In Shakespeare's "Hamlet," much of Hamlet's inaction stems from the fact that the whole of the court is corrupt; there are flaws running throughout. While it seems natural that Hamlet would obey the ghost and punish Claudius, an emblem of the corrupt society, the flaw also runs down through time, into the past. After all, Hamlet's father, the ghost, is in purgatory doing penance for sins that resemble those that he calls upon Hamlet to punish. Indeed, "there is something rotten in Denmark." The evil in the world has its roots in the race. So, there is no use pretending that ridding Denmark of Claudius will rid Denmark of its evil.
Hamlet's depression stems from this knowledge, too, for his realization of the depth of evil brings on his pessimistic view of man. As Rebecca West states in her criticism, "The Nature of Will,"
...what excites Shakespeare in this play is the impossibility of conceiving an action which could justly be termed virtuous, in view of the bias of original sin.
Thus, in his search for a virtuous act, Hamlet engages in dilatory self-debate. He considers suicide, but fears going to hell if he does so. Yet, his description of the forged letter to the King of England that effects the deaths of Rosencrantz and Guildenstern reveals a perverse determination to kill both soul and body:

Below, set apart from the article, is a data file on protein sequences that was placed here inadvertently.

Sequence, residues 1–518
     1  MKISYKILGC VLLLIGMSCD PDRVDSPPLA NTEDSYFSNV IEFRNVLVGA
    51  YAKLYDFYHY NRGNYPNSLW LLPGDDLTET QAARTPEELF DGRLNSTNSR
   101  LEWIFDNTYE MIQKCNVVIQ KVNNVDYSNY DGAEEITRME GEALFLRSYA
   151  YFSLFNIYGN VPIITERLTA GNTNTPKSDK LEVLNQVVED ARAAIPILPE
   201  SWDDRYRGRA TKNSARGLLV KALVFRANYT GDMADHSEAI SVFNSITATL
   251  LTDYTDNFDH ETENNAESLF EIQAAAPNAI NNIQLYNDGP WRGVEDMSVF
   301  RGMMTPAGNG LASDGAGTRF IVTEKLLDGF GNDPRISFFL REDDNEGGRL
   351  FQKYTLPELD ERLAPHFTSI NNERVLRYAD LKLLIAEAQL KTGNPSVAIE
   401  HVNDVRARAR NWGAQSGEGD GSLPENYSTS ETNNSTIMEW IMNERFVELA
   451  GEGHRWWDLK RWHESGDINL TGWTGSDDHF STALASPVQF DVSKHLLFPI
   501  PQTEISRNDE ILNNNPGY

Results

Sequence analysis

An earnest conjuration from the king--/As England was his faithful tributary;/As love between them like the plam might flourish/As peace should still her wheaten garland wear,/And stand a comma 'tween their amities,/And many such-like As-es of great charge,--/That, on the view and knowing of these contents,/Without debatement further, more or less,/He should the bearers put to sudden death,/Not shriving-time allow'd. (V,ii,38-46)
From what he describes as "in my heart there was a kind of fighting" (V,ii,4), Hamlet determines to change the future of Denmark through political action. After the future rulers from the Danish court lie dead, Hamlet's last words choose a ruler for the people of Denmark:
O, I die, Horatio;/....But I do prophesy th'election lights/On Fortinbras: he has my dying voice,/So tell him, with the occurents, more and less, /Which have solicited--the rest is silenced (V,ii,332-337)
As he dies, Horatio says, "Now cracks a noble heart" (V,ii,338). For, in his final act, Hamlet has found the moment that he has sought: one in which he surrenders not to folly, but displays wisdom, political wisdom. He has rid Denmark of its evil, its corrupt court. He has, as Ms. West proposes, committed "an action which could be termed virtuous in view of the bias of original sin."
I believe that the main obstacles that stand in the way of Hamlet and his revenge are:
- The fact that the ghost told him not to take revenge on his mother and not to tell that he has seen the ghost.
- His own personality.
Because Hamlet cannot tell everything he knows a lot of how he is acting is going to seem strange. Everyone is going to think he's crazy. And this is going to interact with his personality to cause problems. He's not the kind of guy who can just not care what people think -- he broods about that kind of stuff too much.
I think Hamlet sees these as major problems, which is why he spends so much time agonizing over what to do.